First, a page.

WESTBROOK – Kate Jorgenson stood a couple steps behind the three-point line and she was ready when the basketball came to her. She took aim at the basket, fired quickly and the ball hit nothing but net as fans of the Westbrook-Walnut Grove Chargers cheered. It was a remarkable shot by a remarkable athlete.
I first wrote about Kate when she was a ninth-grader on her school’s golf team. She’s now a 16-year-old junior, and the fact that her left arm was amputated above the elbow after an ATV accident in 2013 has never slowed her down.
“She’s just like any other teenager,” Chargers coach Adam Kletscher said before Westbrook-Walnut Grove dropped a 45-42 decision to the Adrian Dragons in a Red Rock Conference game Tuesday night. “She likes to joke around, she likes to have fun.”
Tuesday was a long day for Kate. She was awake at 4:45 a.m. and on a school bus bound for the state Capitol in St. Paul – three hours away from her home in southwest Minnesota -- by 6:15 with other American Government students who are involved in a program called “We the People.” They toured the Capitol, made a We the People presentation to a panel of judges as part of the program’s competitive process, then headed back home in the afternoon.
Kate played the first half of that evening’s B squad game and came off the bench throughout the varsity game. “I’m tired,” she said with a smile afterwards.
Her parents, Nikki and Jim, watched the games from the stands. Nikki teaches fifth grade in the district and Jim runs the family farm two miles outside of Westbrook. They, like everyone else, love their daughter’s positive attitude and are amazed by what she continues to accomplish.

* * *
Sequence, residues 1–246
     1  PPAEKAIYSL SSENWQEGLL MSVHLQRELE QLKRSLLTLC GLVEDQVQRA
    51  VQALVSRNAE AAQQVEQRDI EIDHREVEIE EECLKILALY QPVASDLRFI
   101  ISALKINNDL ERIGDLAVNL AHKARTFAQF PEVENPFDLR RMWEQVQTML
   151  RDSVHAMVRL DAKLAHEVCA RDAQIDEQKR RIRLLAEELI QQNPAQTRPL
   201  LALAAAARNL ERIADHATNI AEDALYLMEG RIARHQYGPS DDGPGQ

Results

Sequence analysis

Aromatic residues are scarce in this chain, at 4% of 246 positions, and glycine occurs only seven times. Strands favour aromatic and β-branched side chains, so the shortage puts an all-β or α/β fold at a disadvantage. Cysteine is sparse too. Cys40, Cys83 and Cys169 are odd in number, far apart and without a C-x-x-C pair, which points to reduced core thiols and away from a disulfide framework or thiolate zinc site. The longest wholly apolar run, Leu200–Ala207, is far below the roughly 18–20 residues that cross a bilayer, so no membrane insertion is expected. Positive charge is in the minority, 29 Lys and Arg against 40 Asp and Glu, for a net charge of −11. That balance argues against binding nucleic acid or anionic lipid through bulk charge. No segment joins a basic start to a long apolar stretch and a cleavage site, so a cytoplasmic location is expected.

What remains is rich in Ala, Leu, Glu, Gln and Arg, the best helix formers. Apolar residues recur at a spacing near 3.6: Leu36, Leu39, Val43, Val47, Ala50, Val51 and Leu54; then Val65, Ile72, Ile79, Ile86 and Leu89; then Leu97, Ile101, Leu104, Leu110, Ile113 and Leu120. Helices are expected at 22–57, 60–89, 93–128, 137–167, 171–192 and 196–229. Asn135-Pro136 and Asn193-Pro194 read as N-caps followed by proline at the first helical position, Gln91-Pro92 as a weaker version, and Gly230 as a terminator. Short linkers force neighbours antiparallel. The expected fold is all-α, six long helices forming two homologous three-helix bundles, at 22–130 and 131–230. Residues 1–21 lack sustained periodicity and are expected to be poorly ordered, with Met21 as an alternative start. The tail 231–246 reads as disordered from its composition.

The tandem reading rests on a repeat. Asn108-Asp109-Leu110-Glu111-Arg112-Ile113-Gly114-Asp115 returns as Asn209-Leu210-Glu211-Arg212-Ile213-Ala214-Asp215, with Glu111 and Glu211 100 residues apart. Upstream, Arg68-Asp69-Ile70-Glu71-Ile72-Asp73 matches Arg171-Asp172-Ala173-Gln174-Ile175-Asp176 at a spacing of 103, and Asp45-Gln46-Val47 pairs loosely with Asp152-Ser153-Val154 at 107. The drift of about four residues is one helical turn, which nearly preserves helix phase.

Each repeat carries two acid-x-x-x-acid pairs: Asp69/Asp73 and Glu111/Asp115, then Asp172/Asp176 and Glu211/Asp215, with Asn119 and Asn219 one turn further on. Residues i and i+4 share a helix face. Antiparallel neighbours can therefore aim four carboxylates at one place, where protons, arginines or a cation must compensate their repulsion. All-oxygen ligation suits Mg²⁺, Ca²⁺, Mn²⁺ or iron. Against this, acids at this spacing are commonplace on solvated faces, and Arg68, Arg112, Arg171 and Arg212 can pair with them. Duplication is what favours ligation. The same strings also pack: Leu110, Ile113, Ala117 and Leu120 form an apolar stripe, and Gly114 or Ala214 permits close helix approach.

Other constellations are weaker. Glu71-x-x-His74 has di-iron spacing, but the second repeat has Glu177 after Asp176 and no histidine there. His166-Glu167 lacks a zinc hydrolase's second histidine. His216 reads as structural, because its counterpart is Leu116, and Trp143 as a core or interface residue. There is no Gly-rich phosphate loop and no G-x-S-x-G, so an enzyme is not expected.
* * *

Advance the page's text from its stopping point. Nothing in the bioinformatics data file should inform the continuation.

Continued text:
“The only thing she gave up was playing the violin,” Jim said, adding that Kate continues to practice the piano and perform at recitals. She plays volleyball in the fall, golfs in the spring, is a lifeguard and certified swimming instructor.
When she came off the bench in Tuesday’s varsity game for the first time, four minutes in, she wiped the soles of both shoes with her right hand and went to work. On defense she was positioned in the lane, displaying quick footwork in the Chargers’ zone, blocking out would-be rebounders and inbounding the ball after Adrian scored.
She brought the ball upcourt at one point, passing to point guard Grace Woelber once she reached the center line.
Imagine trying to catch the ball, shoot the ball or rebound the ball with one hand. It’s not an easy proposition.
Asked if he does anything differently in coaching a player who doesn’t have two hands, Kletscher said, “Right away I wondered, I debated but then I said no. She doesn’t want to be treated any differently. She’s a normal teenage girl on my basketball team. You might talk with her about how to curl a rebound or things like that. I’ll tell her, ‘Keep your arm straight up’ (to avoid fouls) and you’re doing the same things for every other girl on the team, too.”
Kate said, “It’s really hard for me to catch the ball in the post and go for a layup, so I usually try to stay on the outside and shoot my outside shot. I can just like feel it when I let it go. I’ve spent a lot of time catching the ball and releasing it.”
In Kate’s first basketball season after the accident, Jim coached her sixth-grade team. At one of the first practices he asked for volunteers to dribble the ball upcourt. Everyone was quiet until Kate said, “I’ll do it.” That was an early example of her fearlessness.
In the wake of Kate’s accident, people in Westbrook, Walnut Grove and surrounding communities rallied around her and her family. A 2014 benefit concert in Westbrook was a great success, which inspired the Jorgenson family to create the Keeping Up The Kourage Foundation. The foundation awards college scholarships to youth from the area who have faced medial challenges and also assists families with medical expenses.
Kate headed home Tuesday night looking forward to some much-needed sleep. But the next day – like most days -- would be another busy one, starting when she drove 43 miles to Marshall early in the morning. She’s interested in becoming an anesthesiologist, and she had an appointment to job-shadow someone in that profession, beginning at 7 a.m.Follow John on Twitter: @MSHSLjohn